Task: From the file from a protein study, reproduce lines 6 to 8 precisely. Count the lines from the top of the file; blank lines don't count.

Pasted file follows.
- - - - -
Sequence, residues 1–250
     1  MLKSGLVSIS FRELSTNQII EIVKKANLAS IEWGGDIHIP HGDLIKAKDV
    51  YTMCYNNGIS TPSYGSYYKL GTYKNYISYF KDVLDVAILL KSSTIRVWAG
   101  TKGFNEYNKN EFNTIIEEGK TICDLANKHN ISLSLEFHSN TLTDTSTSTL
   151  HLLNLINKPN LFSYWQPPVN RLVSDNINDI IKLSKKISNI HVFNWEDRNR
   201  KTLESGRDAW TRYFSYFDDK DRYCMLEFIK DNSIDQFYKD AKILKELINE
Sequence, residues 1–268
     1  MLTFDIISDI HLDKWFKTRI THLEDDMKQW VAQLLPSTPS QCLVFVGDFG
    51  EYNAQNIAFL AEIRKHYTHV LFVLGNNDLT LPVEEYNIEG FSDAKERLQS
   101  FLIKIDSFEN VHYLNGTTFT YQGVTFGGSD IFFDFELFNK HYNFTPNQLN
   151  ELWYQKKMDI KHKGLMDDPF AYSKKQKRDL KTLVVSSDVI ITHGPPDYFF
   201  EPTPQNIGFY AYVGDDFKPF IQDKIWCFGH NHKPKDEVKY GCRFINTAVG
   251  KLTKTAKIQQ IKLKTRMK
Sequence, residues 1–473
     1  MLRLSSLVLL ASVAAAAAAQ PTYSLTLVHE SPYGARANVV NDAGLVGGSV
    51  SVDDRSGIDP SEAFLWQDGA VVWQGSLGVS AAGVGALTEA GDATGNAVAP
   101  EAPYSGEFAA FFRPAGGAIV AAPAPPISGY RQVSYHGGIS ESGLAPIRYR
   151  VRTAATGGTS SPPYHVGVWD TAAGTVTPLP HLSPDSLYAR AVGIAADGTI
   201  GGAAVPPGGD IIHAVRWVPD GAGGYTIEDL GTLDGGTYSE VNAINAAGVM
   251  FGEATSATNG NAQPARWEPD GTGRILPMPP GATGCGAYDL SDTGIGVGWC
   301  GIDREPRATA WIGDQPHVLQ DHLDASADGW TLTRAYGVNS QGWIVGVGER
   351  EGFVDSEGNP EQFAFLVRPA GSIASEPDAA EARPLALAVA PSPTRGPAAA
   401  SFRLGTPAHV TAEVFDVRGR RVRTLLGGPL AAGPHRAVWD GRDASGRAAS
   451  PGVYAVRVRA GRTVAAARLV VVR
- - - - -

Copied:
   201  KTLESGRDAW TRYFSYFDDK DRYCMLEFIK DNSIDQFYKD AKILKELINE
Sequence, residues 1–268
     1  MLTFDIISDI HLDKWFKTRI THLEDDMKQW VAQLLPSTPS QCLVFVGDFG